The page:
Warming temperatures this week through the U. S. Plains were driving emergence of what looks to be a hardy new U. S. winter wheat crop, although agronomists were worried that wet weather could delay fertilizer applications and lower yields.
Overly wet fields were limiting farmer efforts to fertilize their wheat, and experts said the window for doing so was rapidly closing. The wet fields are also the perfect breeding ground for fungal diseases such as stripe rust.
The condition of this year’s winter wheat crop is being closely watched as plantings this season were pegged at 37.097 million acres, the lowest in 97 years.
Ample soil moisture, due to heavy winter snowfall and persistent recent rains, should aid the wheat’s overall development as moisture is key to good growth. Still, the ground needs to dry out a bit to facilitate more advantageous growing conditions, agronomists said.
“It is kind of a trade-off,” said Oklahoma State University small grains specialist Jeff Edwards. “I don’t think it will have full yield potential.”
More rain was forecast over the next few days through the Plains, but temperatures were finally on the rise, climbing above 70F (21C), after an extended cold winter.
Updated reports issued Monday afternoon showed the crop in top U. S. wheat-producer Kansas rated 60 per cent good to excellent, up from 53 per cent a week earlier. Twenty per cent of the winter wheat was breaking dormancy, a rapid jump compared with four per cent the previous week.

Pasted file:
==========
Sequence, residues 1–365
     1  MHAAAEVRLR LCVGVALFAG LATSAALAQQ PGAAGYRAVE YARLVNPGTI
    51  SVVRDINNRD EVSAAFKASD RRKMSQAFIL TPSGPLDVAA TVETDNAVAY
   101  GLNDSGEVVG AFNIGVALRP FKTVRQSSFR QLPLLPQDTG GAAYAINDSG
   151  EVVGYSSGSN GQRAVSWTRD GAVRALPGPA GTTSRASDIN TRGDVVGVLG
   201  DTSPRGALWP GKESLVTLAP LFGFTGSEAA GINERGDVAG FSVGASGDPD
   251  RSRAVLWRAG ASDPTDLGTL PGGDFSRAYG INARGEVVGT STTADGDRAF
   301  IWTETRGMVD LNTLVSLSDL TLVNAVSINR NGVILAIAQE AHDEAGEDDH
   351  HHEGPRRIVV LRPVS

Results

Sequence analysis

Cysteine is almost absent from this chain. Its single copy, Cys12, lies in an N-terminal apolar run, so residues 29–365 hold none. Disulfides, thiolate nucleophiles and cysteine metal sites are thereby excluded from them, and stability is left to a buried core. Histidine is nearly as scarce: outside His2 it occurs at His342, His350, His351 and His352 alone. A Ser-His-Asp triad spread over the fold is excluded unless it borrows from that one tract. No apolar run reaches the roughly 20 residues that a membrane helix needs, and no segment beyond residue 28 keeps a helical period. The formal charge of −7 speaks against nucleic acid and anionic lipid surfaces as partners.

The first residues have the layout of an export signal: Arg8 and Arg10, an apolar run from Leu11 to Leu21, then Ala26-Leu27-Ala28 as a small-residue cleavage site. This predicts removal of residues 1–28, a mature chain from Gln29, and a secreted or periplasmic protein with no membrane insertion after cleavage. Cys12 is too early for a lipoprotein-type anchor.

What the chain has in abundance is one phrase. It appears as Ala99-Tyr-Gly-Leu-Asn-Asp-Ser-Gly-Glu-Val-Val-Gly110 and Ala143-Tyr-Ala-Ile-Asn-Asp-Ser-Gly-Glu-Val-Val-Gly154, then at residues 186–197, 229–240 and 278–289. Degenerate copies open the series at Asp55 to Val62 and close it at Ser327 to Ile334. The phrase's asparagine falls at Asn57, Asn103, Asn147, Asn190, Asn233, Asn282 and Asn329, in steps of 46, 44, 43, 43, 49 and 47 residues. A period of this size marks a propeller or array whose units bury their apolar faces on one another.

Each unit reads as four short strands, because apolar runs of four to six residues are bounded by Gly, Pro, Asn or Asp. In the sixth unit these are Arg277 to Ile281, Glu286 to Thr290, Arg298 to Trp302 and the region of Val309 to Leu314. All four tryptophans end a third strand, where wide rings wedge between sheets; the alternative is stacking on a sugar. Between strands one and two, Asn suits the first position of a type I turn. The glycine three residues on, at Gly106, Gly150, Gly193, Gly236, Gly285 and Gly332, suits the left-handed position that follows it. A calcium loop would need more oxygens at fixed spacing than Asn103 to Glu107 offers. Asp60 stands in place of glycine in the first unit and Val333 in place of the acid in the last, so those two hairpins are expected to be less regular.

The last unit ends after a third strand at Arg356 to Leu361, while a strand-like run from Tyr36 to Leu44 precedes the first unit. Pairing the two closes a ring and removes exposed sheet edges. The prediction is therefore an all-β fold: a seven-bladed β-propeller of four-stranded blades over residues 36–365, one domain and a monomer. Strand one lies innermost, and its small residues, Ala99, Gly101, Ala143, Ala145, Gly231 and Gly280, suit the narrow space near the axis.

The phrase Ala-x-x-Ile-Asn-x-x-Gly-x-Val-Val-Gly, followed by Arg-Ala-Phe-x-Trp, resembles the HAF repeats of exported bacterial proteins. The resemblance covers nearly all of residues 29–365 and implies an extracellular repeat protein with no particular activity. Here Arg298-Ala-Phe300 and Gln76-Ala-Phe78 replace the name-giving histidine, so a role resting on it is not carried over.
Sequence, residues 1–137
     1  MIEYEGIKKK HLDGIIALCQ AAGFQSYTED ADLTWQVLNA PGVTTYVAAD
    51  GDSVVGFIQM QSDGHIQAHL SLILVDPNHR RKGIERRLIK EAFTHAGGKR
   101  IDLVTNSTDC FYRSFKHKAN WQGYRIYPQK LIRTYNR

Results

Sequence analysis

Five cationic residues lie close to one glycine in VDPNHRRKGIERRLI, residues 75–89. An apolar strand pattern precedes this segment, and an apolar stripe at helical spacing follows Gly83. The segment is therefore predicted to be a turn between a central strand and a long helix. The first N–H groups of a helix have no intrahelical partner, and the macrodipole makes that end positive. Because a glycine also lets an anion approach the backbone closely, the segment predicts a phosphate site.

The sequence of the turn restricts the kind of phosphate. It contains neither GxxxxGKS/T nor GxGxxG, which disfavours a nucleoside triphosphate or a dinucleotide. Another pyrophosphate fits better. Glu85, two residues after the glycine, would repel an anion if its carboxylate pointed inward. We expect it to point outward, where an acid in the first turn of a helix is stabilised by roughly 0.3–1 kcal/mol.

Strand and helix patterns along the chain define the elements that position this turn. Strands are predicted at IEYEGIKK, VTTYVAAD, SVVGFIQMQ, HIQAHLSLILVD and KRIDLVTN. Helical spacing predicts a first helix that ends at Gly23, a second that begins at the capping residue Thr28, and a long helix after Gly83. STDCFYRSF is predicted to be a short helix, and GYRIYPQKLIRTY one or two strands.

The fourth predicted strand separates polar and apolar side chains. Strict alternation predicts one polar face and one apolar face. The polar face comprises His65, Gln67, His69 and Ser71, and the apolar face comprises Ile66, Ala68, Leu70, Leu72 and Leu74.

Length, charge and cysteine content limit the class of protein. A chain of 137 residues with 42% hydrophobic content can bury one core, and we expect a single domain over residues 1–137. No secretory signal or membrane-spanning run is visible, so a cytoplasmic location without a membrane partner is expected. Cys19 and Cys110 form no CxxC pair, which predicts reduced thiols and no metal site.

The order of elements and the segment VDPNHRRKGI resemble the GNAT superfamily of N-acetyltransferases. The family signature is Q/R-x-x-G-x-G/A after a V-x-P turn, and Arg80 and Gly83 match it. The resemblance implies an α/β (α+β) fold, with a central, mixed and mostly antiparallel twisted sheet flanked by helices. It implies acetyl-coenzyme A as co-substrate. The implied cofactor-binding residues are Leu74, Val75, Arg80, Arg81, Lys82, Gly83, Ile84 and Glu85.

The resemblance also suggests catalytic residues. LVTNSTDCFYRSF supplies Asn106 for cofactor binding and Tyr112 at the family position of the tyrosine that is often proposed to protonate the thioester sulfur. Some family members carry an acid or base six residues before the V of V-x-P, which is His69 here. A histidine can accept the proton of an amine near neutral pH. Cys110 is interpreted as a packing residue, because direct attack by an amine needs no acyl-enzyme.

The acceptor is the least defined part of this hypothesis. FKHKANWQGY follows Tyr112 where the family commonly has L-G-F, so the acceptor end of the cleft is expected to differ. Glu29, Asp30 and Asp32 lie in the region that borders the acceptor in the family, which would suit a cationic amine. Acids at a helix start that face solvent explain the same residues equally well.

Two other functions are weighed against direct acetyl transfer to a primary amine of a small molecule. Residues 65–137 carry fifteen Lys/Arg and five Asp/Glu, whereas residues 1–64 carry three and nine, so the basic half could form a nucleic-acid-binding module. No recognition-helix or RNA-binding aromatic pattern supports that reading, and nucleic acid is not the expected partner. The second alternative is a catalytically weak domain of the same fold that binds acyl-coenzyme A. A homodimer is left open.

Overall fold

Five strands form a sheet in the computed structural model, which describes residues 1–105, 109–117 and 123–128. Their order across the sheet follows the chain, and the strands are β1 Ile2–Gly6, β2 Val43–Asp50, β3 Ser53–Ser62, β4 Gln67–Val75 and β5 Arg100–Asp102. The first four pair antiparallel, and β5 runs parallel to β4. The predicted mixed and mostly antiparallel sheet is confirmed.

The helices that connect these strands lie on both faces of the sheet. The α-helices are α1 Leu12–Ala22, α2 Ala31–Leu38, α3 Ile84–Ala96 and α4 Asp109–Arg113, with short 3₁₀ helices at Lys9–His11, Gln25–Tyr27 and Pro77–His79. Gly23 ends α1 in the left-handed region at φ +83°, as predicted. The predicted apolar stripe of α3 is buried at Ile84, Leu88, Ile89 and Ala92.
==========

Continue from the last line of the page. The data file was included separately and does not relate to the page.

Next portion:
“Wheat will really take off now,” said Kansas State University agronomist Jim Shroyer.
Still, Shroyer said he saw the potential for yield problems due to a lack of fertilizer application, and an abundance of late-planted wheat in south-central Kansas, typically a top production area for the central U. S. state.
To the south in Oklahoma, another top U. S. wheat-producing state, the new wheat crop was rated eight per cent excellent and 57 per cent good as of Sunday by the state’s agricultural statistics service.
And in Texas, the wheat crop was rated nine per cent excellent and 36 per cent in good shape. Some fields were reported standing in water, however.
“We’re wet all over the state of Texas,” said Texas A&M agronomist Travis Miller.
“Last year we couldn’t get enough rain and this year we can’t get a break,” Miller said.